Los Angeles. California has the largest prison population in the country, with more than 170,000 individuals behind bars. In Los Angeles, more than half of current parolees live in neighborhoods that are home to less than 20 percent of the city's adult residents. More than a billion dollars are spent every year to incarcerate people from these communities. At the same time, as of spring 2010, the Los Angeles Unified School District was projecting a deficit of $640 million in the 2010-11 academic year. As a result, district officials were planning to raise class sizes and lay off thousands of teachers and other school-based staff.

How is school success affected by these policy choices and spending patterns? There is no definitive way to know what the previous spending cuts have meant for Los Angeles schools, but we do know that in Los Angeles, 67 percent of low-performing schools are in neighborhoods with the highest incarceration rates. By contrast, 68 percent of the city's high-performing schools are in neighborhoods with the lowest incarceration rates.

Philadelphia. In 2009, the School District of Philadelphia faced a projected budget shortfall of $147 million, after losing $160 million in state funding. Yet, during this same period, taxpayers spent nearly $290 million to imprison residents from just 11 Philadelphia neighborhoods, home to about one-quarter of the city's population.

As hundreds of millions of dollars are invested in incarcerating people from these select neighborhoods, the corresponding disinvestment in education in those neighborhoods is telling. Sixty-six percent of lower-performing schools are clustered in or very near neighborhoods with the highest rates of incarceration -- where the biggest taxpayer investment in imprisonment is being made. By contrast, 75 percent of Philadelphia's higher-performing schools are in neighborhoods with the lowest rates of incarceration.

Houston. In the 2009-2010 academic year, state budget cuts forced the Houston Independent School District to manage a projected $10 million shortfall. However, in the preceding year, Texas spent over $175 million to imprison residents from just 10 neighborhoods in Houston. In Houston, of the six schools deemed lower-performing, five are in neighborhoods with the highest rates of incarceration. By contrast, of the 12 schools considered higher-performing, eight are in neighborhoods with the lowest incarceration rates.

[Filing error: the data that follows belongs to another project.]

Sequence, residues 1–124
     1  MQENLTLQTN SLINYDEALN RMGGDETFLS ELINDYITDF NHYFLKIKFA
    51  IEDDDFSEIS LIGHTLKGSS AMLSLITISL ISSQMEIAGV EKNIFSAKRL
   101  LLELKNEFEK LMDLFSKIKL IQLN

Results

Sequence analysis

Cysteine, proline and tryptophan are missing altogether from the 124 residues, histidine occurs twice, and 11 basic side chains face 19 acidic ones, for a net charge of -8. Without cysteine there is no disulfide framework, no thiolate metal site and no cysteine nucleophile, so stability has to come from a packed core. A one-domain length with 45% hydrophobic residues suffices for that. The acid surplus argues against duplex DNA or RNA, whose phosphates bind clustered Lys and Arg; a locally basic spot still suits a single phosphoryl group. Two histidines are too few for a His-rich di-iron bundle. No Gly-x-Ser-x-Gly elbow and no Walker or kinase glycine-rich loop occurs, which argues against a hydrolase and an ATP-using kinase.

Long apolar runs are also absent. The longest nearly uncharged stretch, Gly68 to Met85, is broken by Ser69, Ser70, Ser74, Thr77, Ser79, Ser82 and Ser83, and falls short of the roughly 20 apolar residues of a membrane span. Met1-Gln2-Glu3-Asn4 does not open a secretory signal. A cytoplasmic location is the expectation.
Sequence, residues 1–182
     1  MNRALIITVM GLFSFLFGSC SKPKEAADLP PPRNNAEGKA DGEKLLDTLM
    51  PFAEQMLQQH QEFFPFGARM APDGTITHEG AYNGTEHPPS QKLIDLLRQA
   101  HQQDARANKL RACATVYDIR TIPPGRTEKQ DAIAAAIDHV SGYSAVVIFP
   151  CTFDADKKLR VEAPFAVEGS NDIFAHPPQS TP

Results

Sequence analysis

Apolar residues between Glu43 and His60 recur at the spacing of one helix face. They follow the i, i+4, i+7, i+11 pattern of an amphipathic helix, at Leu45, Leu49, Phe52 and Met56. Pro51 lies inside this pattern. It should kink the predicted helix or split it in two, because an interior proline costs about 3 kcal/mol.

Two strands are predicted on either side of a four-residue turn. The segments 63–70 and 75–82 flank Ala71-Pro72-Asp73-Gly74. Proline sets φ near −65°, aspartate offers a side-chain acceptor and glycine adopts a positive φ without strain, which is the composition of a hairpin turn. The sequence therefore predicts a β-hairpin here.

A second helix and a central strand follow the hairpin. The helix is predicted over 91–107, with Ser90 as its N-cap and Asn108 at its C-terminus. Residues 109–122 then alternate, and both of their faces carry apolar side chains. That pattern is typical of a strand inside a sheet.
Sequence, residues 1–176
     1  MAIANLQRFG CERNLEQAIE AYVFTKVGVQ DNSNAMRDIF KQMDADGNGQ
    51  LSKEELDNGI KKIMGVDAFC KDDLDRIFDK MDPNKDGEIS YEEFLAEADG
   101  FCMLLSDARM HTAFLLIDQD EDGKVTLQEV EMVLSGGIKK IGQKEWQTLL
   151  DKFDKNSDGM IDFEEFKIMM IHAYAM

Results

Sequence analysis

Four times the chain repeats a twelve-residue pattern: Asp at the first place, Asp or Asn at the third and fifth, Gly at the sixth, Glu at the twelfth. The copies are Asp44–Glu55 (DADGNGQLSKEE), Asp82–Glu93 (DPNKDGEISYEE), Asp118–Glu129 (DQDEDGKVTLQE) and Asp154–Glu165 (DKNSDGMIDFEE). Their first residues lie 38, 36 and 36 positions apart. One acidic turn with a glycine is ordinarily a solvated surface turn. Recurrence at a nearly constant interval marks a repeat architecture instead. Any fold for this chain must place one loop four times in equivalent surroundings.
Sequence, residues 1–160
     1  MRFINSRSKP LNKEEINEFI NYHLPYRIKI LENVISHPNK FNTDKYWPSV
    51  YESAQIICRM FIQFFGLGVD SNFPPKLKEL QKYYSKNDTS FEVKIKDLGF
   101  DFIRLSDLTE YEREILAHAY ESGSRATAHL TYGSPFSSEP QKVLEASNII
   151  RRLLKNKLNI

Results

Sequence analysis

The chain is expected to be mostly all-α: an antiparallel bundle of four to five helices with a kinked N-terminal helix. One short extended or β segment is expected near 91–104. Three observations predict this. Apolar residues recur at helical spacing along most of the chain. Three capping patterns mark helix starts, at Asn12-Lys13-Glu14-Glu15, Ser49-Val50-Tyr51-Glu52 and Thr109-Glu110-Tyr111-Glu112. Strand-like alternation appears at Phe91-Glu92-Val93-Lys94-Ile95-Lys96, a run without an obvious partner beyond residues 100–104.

What we learn from Los Angeles, Houston, and Philadelphia is that our national priorities are misplaced, and with devastating consequences. In a few select neighborhoods, the heavy investment in incarceration over education correlates with the lowest-performing schools. These neighborhoods send more individuals to prison than to college -- reflecting the pattern of dollars invested. The relationship has not yet been shown to be causal, but we do see a correlative effect between education and incarceration. If states were to properly invest in reopening schools, keeping quality teachers, maintaining sensible classroom sizes, and sustaining the affordability of higher education, it's quite possible -- particularly for economic crimes like low-level drug dealing -- we would not need to imprison so many people and could stop sinking our valuable taxpayer dollars into an investment that has demonstrated scant return.

To shift our funding priorities, national and state policy-makers will have to choose cost-effective criminal-justice policies and focus on public-safety strategies that curb crime and reserve more of our tax dollars for our children's education. Gov. Arnold Schwarzenegger of California noted in his 2010 State of the State address: "Spending 45 percent more on prisons than universities is no way to proceed into the future. ... What does it say about any state that focuses more on prison uniforms than on caps and gowns?" Only when we make meaningful investments in schools -- not prisons -- will our nation reap the benefits through increased earnings for families, reduced unemployment, increased tax revenues from more vibrant local economies, reduced reliance on public assistance, increased civic engagement, and improved public -- safety outcomes for neighborhoods at risk of violence and victimization. 
(From American Prospect - December, 2010)

Steven Hawkins